They’ll go to Egypt on Monday for more specialized care, he said. The WHO said 25 medical staff remained at the hospital, along with the patients who it said were “terrified for their safety and health, and pleaded for evacuation.” The agency described Shifa as a death zone. Later Sunday, the hospital’s head of plastic surgery, Dr. Ahmed El Mokhallalati, said Israeli troops raided the surgical department, investigated staff and patients, and arrested one patient.

 Israel’s military said Yemen-based Houthis had seized a cargo ship in the southern Red Sea sailing from Turkey to India but said no Israelis were aboard and that it wasn’t an Israeli ship. A statement from Prime Minister Benjamin Netanyahu’s office described the ship as owned by a British company. The Houthis said they had seized an Israeli ship and crew and took the vessel to the Yemeni coast, but gave no details, other than to say it was treating the captives “in accordance with the teaching and values of our Islamic religion.” Earlier in the day, the group threatened to target Israel-linked vessels in the Red Sea. Heavy clashes were reported in the built-up Jabaliya refugee camp in northern Gaza overnight into Sunday.

“There was the constant sound of gunfire and tank shelling,” Yassin Sharif, who is sheltering in a U.N.-run hospital in the camp, said by phone. “It was another night of horror.” The commissioner-general of the U.N. agency for Palestinian refugees, Philippe Lazzarini, said 24 people were killed in what witnesses described as an Israeli airstrike on a school in a crowded U.N. shelter in Jabaliya the day before. The Israeli military, which has repeatedly called on Palestinians to leave northern Gaza, said only that its troops were active in the area “with the aim of hitting terrorists.”

According to the UN Agency for Palestine Refugees (UNRWA), which issued its latest situation report on Sunday, nearly 884,000 internally displaced persons are sheltering in 154 UNRWA installations across all five governorates of the Gaza Strip. “Just getting into one of the shelters makes you burst into tears,” a UNRWA employee was quoted as saying by the UN. “Children looking for food and water and standing in queues for over six hours just to get a piece of bread or a bottle of water.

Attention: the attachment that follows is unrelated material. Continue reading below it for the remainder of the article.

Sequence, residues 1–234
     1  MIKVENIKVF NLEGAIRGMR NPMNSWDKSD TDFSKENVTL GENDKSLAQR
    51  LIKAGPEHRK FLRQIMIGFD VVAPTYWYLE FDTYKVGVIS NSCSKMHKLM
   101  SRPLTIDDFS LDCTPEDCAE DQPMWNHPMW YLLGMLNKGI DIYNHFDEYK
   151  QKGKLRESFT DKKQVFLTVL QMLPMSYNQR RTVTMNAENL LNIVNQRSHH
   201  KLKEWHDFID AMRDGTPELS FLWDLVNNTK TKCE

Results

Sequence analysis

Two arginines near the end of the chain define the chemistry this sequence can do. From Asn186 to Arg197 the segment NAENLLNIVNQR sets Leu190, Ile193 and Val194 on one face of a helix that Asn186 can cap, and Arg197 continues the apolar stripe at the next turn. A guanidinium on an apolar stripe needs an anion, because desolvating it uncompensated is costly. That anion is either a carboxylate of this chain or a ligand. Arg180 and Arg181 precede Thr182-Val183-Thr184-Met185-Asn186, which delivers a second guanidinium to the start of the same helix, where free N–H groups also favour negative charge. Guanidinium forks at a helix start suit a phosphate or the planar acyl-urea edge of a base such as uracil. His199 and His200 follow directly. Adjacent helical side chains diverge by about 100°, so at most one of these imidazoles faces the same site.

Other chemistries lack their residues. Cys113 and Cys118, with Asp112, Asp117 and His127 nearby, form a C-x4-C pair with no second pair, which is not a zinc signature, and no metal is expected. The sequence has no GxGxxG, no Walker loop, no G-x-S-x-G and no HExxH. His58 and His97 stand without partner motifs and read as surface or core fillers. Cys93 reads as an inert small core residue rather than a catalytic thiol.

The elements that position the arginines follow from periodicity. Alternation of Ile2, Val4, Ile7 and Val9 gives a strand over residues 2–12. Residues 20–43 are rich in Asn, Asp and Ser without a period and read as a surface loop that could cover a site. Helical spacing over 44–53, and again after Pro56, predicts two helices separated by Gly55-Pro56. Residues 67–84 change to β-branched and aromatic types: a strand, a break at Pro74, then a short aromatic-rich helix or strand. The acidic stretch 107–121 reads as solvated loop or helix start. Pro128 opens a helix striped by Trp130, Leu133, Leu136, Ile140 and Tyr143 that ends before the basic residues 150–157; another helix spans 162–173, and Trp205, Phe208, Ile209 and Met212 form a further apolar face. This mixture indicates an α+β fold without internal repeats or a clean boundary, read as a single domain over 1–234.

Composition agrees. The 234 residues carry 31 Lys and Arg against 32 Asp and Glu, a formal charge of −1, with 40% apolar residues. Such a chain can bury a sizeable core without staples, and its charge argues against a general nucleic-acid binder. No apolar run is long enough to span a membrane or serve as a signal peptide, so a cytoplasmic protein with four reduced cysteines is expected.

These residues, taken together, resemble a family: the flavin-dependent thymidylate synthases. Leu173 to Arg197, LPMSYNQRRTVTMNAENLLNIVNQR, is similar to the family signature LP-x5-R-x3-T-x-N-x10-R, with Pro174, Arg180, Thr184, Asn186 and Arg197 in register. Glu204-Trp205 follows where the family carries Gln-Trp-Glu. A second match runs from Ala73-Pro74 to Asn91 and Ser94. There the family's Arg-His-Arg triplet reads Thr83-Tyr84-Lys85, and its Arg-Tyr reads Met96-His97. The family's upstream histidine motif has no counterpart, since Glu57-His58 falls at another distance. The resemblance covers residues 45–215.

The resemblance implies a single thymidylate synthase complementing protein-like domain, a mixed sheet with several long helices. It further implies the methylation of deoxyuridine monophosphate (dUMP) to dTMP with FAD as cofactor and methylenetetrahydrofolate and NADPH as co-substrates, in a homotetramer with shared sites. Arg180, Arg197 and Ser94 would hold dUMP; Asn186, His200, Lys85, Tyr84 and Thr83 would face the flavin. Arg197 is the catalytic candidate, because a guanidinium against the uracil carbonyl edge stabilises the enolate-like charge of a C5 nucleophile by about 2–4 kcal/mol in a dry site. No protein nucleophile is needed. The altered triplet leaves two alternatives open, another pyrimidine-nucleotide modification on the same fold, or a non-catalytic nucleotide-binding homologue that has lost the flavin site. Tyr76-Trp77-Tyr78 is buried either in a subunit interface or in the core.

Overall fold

People are literally sleeping on streets here in Khan Younis as thousands keep escaping from the north.” In less than 24 hours, two UNRWA schools sheltering displaced families were hit, causing “many deaths” and injuries, mostly of women and children, in addition to other deadly incidents across Gaza and the West Bank against the backdrop of soaring humanitarian needs, UNRWA said.

Turk said at least three other schools hosting displaced Palestinians have also been attacked. “This must stop,” he said. “Humanity must come first. A ceasefire – on humanitarian and human rights grounds – is desperately needed. Now.” Philippe Lazzarini, who heads UNRWA, said in a statement on Sunday that the attacks are “just cruel”.

 “I watched with sheer horror reports from an attack on the Al-Fakhoura UNRWA school-turned-shelter in northern Gaza,” he said. Classrooms sheltering displaced families were hit and at least 24 people were reported killed in the strike. Up to 7,000 people were in the school at the time, the UNRWA chief said. On Friday, following strikes on the UNRWA Al-Falah/Zeitoun school in Gaza City, ambulances could not reach the school, where 4,000 people were sheltering. Since 7 October, at least 176 people sheltering in the agency’s schools were reported killed and 800 wounded during Israeli bombardments, Lazzarini said. “A large number of UNRWA facilities hit and the number of civilians killed cannot just be ‘collateral damage’,” he said, adding that the UN agency routinely shares the buildings’ coordinates with parties to the conflict.

 “This vicious war is reaching a point of no return when all rules are disrespected, in overt disregard for civilian lives,” he said, calling and appealing “once again for humanity to prevail and for a humanitarian ceasefire right now.”

 The entry of fuel critical for the overall humanitarian operations across the enclave has been largely banned since 7 October when the war began. Limited fuel deliveries began on Wednesday, and UNRWA has been informed that, as of Saturday, 120,000 litres of fuel will be delivered every two days going forward.

UN agencies have said this is not enough for all humanitarian activities, and that at least 200,000 litres per day are required to, among other things, power generators to provide electricity to hospitals and to operate water facilities.

Both services have been cut since the start of the conflict. Fuel is also critical for telecommunications networks, UNRWA said, noting that Gaza’s fourth communications blackout on Friday meant the agency was unable to transport trucks of humanitarian assistance arriving via Egypt.